How to Test an Oil Pump

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If you're a vehicle owner, you've probably experienced the sinking feeling caused by your "Check Engine" light blinking on.
Not all engine problems can be prevented, but most of them can with regular cleaning and maintenance.
Your car's oil pump sends oil to your engine to keep its components lubricated and working without any friction. If your oil pump isn't working correctly, it can cause your engine's parts to burn or wear away due to friction, resulting in overheating and even engine fires in some cases.
Do you know the symptoms of oil pump malfunction? And, more importantly, if you think something is wrong with your oil pump, do you know how to test it? Car insurance comparison shopping and broker app Jerry is here to tell you everything you need to know about testing an oil pump.
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Signs your oil pump is malfunctioning

Many things can signal an oil pump malfunction in your car. Some include:
"Check Engine" or "Check Oil" light illuminating: Perhaps the most obvious sign there is something wrong with your oil pump is a warning light illuminating on your dashboard. When this happens, it's time to do some investigative work, like testing your oil pump.
Engine overheating: When the different components of your engine are not adequately lubricated, it creates friction, causing the engine to overheat.
Engine noises: Likewise, inadequate lubrication could also cause your engine systems to make a lot of noise.
Low oil pressure: If the oil levels in your car are either too high or too low, it can impact the oil pressure. This can also be a sign of a bad oil pump.

Test your oil pump

If you think your oil pump is malfunctioning, you should take your car to a professional to have it tested. But if you're up to the challenge, you can test your oil pump yourself by following these steps:
Step 1: Identify the normal engine oil pressure for your car. Before you test the oil pressure in your vehicle, you need to know what the normal oil pressure should be. Reference your owner's manual to find the ideal oil pressure for your car model.
Step 2: Remove oil pressure sensor. When you pop the hood of your car, you will see a small black cylinder—this is the oil pressure sensor. It is responsible for reading the oil pressure and displaying the information on your dashboard. To test your car's oil pressure manually, you will need to remove the sensor. Use a wrench to loosen the nut holding it in place.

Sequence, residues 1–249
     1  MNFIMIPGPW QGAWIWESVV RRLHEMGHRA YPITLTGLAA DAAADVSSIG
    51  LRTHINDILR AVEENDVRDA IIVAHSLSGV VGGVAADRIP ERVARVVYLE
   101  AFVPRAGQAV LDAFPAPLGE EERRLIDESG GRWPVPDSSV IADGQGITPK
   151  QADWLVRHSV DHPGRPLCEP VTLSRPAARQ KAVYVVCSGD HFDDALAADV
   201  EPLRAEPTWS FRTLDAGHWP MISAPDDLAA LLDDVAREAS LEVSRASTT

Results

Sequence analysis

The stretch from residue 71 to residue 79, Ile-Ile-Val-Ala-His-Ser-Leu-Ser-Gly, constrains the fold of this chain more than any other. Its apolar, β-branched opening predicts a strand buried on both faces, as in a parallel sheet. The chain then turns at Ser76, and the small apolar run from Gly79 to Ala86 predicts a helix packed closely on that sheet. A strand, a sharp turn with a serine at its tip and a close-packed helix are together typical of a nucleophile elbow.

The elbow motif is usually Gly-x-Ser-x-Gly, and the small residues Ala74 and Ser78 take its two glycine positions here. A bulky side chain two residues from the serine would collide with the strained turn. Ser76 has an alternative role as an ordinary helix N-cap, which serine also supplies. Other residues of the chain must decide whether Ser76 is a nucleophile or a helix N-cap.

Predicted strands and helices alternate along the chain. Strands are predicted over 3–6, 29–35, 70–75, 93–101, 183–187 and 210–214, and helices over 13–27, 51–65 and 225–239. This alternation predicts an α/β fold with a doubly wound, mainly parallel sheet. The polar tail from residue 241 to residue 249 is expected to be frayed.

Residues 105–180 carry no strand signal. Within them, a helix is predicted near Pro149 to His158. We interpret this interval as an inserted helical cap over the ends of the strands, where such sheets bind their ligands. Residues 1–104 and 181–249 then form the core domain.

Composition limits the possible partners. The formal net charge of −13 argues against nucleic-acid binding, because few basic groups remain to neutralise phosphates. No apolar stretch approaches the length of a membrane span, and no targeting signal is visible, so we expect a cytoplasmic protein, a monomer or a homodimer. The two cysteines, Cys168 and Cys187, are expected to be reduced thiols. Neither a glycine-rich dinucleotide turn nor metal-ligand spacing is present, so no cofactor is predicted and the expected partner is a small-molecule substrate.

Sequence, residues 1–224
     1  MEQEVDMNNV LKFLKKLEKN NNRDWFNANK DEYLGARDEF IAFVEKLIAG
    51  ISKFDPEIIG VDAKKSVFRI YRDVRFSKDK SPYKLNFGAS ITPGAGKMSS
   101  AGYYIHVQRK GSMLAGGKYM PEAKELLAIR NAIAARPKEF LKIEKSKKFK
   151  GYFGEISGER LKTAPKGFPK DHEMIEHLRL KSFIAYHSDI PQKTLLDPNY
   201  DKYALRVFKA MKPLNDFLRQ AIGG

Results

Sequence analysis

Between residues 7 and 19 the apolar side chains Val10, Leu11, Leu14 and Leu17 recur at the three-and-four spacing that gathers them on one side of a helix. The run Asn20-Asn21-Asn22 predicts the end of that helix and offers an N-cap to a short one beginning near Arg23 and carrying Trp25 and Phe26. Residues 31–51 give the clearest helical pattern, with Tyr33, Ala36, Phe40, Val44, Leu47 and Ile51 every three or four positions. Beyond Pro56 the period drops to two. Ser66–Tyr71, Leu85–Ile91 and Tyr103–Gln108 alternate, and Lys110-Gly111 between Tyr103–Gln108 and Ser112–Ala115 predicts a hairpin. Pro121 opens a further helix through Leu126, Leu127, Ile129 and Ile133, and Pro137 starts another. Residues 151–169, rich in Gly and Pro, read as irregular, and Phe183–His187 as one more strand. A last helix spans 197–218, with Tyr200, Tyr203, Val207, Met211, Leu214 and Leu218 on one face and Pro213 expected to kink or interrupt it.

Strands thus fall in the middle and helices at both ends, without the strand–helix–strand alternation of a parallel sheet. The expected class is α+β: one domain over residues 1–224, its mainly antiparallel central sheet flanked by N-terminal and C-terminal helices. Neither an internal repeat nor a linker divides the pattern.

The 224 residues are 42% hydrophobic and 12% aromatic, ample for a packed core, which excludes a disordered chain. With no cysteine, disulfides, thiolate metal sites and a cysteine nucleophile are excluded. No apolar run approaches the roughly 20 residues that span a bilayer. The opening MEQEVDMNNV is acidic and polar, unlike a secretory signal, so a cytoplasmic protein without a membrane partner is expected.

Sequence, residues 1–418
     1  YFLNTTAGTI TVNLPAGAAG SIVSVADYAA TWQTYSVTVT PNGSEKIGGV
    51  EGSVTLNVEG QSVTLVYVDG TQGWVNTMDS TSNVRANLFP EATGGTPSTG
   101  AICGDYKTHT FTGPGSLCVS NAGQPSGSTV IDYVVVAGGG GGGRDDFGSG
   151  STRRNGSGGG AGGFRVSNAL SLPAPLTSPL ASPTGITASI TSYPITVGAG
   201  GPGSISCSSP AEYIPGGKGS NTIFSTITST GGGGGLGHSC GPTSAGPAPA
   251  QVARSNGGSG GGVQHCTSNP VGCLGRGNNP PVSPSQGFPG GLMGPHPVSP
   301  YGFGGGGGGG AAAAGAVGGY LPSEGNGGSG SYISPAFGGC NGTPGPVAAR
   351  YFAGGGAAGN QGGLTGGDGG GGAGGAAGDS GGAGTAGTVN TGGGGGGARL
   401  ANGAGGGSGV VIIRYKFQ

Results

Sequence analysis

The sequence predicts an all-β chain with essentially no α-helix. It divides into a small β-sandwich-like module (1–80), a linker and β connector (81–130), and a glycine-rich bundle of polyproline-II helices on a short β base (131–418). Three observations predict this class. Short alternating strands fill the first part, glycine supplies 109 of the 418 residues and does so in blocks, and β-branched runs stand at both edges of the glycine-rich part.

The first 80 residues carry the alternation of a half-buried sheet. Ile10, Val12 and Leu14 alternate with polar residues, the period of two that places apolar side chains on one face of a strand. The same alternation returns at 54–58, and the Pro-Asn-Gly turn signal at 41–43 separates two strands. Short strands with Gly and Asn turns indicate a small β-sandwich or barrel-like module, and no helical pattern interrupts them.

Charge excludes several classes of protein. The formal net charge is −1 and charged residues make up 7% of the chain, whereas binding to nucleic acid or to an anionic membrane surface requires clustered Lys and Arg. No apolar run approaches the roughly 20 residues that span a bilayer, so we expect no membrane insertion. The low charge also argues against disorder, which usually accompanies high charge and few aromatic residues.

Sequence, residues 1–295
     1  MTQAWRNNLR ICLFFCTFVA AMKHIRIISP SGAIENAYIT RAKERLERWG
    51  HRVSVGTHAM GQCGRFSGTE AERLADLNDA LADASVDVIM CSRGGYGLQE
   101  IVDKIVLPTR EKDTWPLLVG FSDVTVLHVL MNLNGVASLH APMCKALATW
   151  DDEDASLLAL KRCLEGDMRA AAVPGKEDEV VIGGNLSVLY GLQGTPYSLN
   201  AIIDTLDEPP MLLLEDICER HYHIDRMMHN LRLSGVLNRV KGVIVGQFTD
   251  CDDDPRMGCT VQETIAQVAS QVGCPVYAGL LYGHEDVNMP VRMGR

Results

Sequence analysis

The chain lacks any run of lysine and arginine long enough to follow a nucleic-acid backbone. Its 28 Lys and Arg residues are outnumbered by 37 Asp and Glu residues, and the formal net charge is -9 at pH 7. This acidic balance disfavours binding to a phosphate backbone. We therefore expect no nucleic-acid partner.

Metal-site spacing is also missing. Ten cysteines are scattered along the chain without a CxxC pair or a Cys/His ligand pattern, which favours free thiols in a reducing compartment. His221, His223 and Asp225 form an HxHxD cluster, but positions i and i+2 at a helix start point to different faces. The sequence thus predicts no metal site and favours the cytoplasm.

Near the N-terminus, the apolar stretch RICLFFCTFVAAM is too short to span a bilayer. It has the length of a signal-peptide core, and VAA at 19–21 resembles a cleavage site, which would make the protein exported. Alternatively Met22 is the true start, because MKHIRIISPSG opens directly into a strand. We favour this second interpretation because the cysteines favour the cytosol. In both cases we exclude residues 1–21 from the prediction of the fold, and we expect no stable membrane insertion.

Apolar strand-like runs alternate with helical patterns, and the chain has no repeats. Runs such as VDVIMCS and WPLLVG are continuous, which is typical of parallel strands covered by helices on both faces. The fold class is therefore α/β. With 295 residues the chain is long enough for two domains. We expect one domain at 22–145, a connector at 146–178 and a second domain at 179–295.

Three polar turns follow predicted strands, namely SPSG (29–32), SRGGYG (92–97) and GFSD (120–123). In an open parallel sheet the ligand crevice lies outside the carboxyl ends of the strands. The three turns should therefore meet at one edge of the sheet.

Step 3: Use an oil pressure gauge. An oil pressure gauge is a device that reads and displays the oil pressure in an engine. Screw the end of the hose to where the sender was previously attached and place the reader on the dashboard (or somewhere where you'll be able to see it once seated in the car).
Step 4: Turn on your car. Turn on your vehicle and take note of the pressure reading on the oil pressure gauge. Wait about 10 minutes for the car to warm up and then take a second at the reading. The readings shouldn't be more than 10 PSI from the recommended pressure stated in your owner's manual.
Step 5: Test the oil pressure at different RPM levels. Last but not least, test the pressure at two or three different RPM levels. While having your car parked (and make sure to do this in an open space), put your foot on the accelerator and keep it steady until you reach 1000 RPM. Repeat the process at 200 RPM. The readings on the oil pressure gauge should not be more than 10 PSI away from the ideal pressure outline in your owner's manual.
Once you've completed this process, you've successfully tested your oil pump.
If you're unsure about any steps in the process, you should take your car to a mechanic to get your oil pump tested.
While you're at it, you should make sure the rest of your vehicle is covered, too. That's where the car insurance broker app Jerry comes in.
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